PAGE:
I’ve always felt that to write books, you need to love books; one thing follows the other! But the inspiration to tell a story comes from many sources, and one that’s always been key to my work are the books that surround me, the books I grew up reading and the works created by the writers I admire and respect. I love to ask other authors about the books that inspired them – not only is it a great ice-breaker, but you will always learn something about the craft and you’ll almost always see enthusiasm.

I think of the books that have inspired me as like stars and planets – orbiting around me on my authorial journey, constantly exerting an invisible gravitational pull on my writing. So here are six titles that make up the brightest lights in that constellation…

If I had to pick a book from my younger years that I still love as much today as when I first read it, The Hitch Hiker’s Guide to the Galaxy by Douglas Adams takes that honor. The novel is full of mad, hilarious ideas but it’s always grounded in the real and human. Even though I’ve read it innumerable times since I first came across it in my pre-teens, it never fails to make me laugh! Merging humor and science fiction, Adams’s use of language is endlessly entertaining. Hitch Hiker’s encouraged me to write my own stories, partly because of the joyful way it stretched my imagination and partly because the tone is so truthful, no matter how wild and out-of-this-world the narrative gets.

The James Bond mythos has always been a big part of my entertainment landscape, from my first experiences sharing the movies with my family on TV and in the movie theater – but it was years before I got into the original books, beginning with a dog-eared copy of Ian Fleming’s THUNDERBALL donated by my grandfather. It was like discovering the character of 007 anew, and the distinctive cover of the edition I read, with an image of a broken SCUBA mask, remains embedded in my memory. I was fascinated by Fleming’s descriptive method and his distinctive whip-crack sentence structure. Reading Fleming taught me lessons about the essential structure of a thriller, and in the future THUNDERBALL would inspire me to write my own spy stories.

The only non-fiction book on this list is William C. Martel’s self-published how-to guide THE SECRETS OF ACTION SCREENWRITING; I was introduced to it by friend working on a TV series at a time when I was trying to break into scriptwriting, and after years of reading books that purported to ‘break the code’ of writing action-packed narratives, Martel’s guide was the one that lived up to the hype. Written from the trenches, with no frills and no pretensions, I found gems of good, solid writing advice in every single chapter of SECRETS – not just for writing scripts, but for telling thrilling stories in any medium. When you’re finding your voice as a writer, what you need is practical guidance on a granular level, and Martel’s book has that in spades. My copy is twenty years old, and I still go back to it now and then for a refresher.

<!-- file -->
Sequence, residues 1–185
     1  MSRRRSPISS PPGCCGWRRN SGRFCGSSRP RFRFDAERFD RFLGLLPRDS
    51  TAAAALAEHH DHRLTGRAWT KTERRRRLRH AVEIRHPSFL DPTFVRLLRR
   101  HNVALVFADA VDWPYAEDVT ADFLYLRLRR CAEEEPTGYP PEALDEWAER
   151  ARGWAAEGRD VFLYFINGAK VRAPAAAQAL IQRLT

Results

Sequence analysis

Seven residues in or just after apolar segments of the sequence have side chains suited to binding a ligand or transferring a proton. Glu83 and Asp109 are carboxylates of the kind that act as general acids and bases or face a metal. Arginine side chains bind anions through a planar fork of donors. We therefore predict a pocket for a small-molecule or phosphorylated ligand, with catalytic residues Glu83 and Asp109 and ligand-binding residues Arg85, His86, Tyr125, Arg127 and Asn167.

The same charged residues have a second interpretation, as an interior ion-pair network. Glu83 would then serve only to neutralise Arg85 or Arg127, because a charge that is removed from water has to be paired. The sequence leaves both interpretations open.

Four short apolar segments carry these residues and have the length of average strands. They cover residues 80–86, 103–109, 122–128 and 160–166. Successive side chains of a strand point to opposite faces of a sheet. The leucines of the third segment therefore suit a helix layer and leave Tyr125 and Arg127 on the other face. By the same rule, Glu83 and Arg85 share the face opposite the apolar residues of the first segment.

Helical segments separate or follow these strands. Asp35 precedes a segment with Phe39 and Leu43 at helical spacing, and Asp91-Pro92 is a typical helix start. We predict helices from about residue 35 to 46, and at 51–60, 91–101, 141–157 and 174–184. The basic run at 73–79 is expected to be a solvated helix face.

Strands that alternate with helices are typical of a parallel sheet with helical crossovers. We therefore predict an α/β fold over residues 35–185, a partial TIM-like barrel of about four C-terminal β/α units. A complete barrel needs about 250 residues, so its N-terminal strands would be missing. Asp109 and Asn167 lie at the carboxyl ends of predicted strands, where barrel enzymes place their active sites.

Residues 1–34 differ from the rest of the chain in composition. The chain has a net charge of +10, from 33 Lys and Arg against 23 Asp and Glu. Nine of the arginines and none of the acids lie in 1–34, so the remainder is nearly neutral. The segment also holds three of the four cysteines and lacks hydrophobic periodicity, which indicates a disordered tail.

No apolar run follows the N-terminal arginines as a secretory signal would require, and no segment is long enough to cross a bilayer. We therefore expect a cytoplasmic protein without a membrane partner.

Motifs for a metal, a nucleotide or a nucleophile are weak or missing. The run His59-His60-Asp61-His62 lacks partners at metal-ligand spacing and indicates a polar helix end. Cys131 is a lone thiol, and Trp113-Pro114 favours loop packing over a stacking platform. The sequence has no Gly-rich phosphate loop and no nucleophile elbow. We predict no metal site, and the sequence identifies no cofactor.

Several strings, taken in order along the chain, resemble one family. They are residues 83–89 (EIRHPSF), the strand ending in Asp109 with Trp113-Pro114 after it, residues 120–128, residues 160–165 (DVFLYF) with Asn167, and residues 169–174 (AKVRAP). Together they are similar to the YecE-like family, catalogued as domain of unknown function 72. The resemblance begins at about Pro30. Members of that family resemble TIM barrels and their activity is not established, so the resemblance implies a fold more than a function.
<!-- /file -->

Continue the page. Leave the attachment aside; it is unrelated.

Sometimes a book will impact your consciousness in a way that forever changes how you read – and William Gibson’s NEUROMANCER did that for me. This seminal 1980’s work of science fiction blew me away when I first read it, at right around the time I was thinking that I might try to become a writer. Gibson’s laconic authorial voice and his inclination toward hyper-nuanced detail undeniably left its mark on me.  This is the definitive cyberpunk thriller novel, gritty urban SF that comes together with incredible confidence. The sense of place and the pace made me want to write with the same self-assurance. Few books have resonated so strongly with me, and decades later, if I look through the pages, I feel the same pull to put down whatever I’m doing and start reading all over again.

These days, I write action thrillers, and it’s impossible to work in that genre without standing on the shoulders of the titans who popularized it; Robert Ludlum arguably invented what we think of today as the beach read, the airport novel, the blockbuster thriller – and his seminal novel THE BOURNE IDENTITY not only gave rise to a series of movies that switched up the language of thrillers on screen and off it, it also remains a benchmark for every other writer following in his footsteps. There’s a terrific momentum to the BOURNE novels that pulls the reader through at pace, and where Ian Fleming taught me how to write description in thrillers, it was Ludlum who imprinted the importance of a propulsive, page-turning plot.

And of course, if I am paying respect to my thriller heroes, I must also salute Tom Clancy, whose early works I devoured in the 80’s and 90’s, beginning with my well-loved 1986 edition of THE HUNT FOR RED OCTOBER. The master of the techno-thriller, the lesson I learned as an author from Clancy’s writing was the essential merging of a relatable, everyman hero with the dark glamour of the modern world of high-technology, high-stakes espionage. RED OCTOBER is the epitome of the thriller concept novel, and Clancy’s meticulous attention to detail grounds it in a reality that makes his fiction feel believable even at its most dramatic moments.



About the Author:

James Swallow is a New York Times, Sunday Times and Amazon #1 bestselling author and scriptwriter, a BAFTA nominee, a former journalist and the award-winning writer of over fifty-five books, along with scripts for video games, comics, radio and television. His writing includes the Marc Dane action thrillers NOMAD, EXILE and GHOST, along with fiction from the worlds of 24, STAR TREK, WARHAMMER 40000 and much more.

GHOST, the 3rd Marc Dane novel, is out now in the USA from Forge Books. Visit James’s website at http://www.jswallow.com/ for more, including ROUGH AIR, a free downloadable eBook novella in the Marc Dane series, or follow James on Twitter at @jmswallow.